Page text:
adapted from: Bon Appétit (August 2012 issue)
I was flipping through last month’s issue of Bon Appétit when I came across a photo spread of what looked like beautiful sno-cone cocktails. The Chartreuse Smash with sage, honey, and Chartreuse had a hint of green, the Bramble was a beautiful berry color, the Classic Whiskey Smash, a nice warm amber, and the Strawberry-Balsamic, a brownish-ruby. The one with the least amount of color caught my eye because of the intriguing ingredients; Mezcal, fresh pineapple, and cinnamon simple syrup. I was curious as it sounded like nothing I have tasted before, and I love to make flavored simple syrups for cocktails. So to the kitchen I go. I have everything but the main ingredient, Mezcal. Mezcal is similar to tequila in that it is produced from the agave plant, but whereas tequila must be made from blue agave and produced from plants grown in a specific area, mezcal can be produced from any of several species and can be made anywhere in Mexico. It has a smokier flavor than tequila which would have been a nice pairing with the sweet pineapple. However, I didn’t want to drop $75 on the Del Maguey Single Village recommended by the spirits guru at my local market, and I also feel weird about liquor that has a small worm in the bottom of the bottle.* So I figure, tequila smash it is.
4 (1”) cubes fresh pineapple
¾ oz. cinnamon simple syrup (recipe follows)
2 oz. tequila
In a mixing glass, muddle the pineapple and simple syrup. Add tequila. Strain into an Old Fashioned glass, fill halfway with crushed ice, stir, then mound more crushed ice on top. Garnish with a cinnamon stick and a pineapple leaf (optional).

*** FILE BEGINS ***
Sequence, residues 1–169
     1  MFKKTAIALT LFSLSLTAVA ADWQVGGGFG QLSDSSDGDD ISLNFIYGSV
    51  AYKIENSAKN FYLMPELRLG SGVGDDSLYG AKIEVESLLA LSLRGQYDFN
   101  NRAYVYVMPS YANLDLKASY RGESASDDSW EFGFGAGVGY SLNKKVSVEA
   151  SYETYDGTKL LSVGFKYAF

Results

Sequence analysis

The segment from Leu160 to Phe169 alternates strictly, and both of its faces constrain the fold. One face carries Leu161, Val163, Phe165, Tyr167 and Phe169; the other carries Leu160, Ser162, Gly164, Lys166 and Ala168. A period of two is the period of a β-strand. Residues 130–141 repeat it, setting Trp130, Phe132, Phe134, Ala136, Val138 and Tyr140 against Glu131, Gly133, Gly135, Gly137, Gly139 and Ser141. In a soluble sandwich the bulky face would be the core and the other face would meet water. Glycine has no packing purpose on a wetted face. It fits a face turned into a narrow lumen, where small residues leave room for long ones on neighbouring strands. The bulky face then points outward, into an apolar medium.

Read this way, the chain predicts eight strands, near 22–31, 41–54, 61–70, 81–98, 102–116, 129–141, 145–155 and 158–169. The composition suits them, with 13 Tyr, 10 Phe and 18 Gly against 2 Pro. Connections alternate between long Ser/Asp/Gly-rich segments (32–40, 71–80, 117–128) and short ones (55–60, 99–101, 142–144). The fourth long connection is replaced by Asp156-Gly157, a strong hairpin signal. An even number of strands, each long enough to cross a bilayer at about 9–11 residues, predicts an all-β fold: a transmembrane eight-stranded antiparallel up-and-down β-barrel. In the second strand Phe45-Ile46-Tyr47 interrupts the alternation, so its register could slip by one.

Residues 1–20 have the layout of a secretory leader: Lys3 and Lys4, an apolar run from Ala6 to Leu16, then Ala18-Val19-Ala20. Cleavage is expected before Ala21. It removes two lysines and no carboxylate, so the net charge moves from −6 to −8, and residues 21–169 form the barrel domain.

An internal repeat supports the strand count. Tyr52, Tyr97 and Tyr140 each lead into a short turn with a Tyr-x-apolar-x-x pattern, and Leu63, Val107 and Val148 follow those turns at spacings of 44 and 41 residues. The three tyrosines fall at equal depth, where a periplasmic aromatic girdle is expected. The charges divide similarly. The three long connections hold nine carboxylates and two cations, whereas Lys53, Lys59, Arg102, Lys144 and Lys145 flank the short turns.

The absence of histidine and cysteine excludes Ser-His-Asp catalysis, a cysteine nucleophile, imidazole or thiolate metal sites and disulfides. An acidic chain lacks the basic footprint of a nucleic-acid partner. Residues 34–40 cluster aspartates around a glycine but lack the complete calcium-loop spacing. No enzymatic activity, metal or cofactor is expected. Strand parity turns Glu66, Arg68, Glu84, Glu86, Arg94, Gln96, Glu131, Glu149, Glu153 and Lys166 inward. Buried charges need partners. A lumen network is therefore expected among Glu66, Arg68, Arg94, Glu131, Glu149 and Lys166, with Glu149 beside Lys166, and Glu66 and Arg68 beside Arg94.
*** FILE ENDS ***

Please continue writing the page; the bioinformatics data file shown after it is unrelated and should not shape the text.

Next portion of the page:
Cinnamon Simple Syrup
1 cup sugar
1 cup water
2 cinnamon sticks
In a pan set over medium heat, heat sugar and water until the sugar dissolves. Remove from heat and add the cinnamon sticks. Let steep. When cool, pour mixture into a glass bottle with lid. (You can remove the cinnamon sticks before bottling, or keep them in there for more flavor later.)
You can also bring 2 cups of water to a boil, add the cinnamon sticks, and simmer for 10 minutes. Remove the cinnamon sticks, add the sugar to the cinnamon water and heat until the sugar dissolves.
(my cinnamon simple syrup is darker than usual because I ran out of white sugar and had to supplement with turbinado sugar.)
* Bottles of mezcal labeled Mezcal de Gusanitos contain a small worm (the gusano), said to give strength to anyone who swallows it. Cortez was said to have called Mezcal “the nectar of the gods”. Still can’t get over that worm in the bottle though.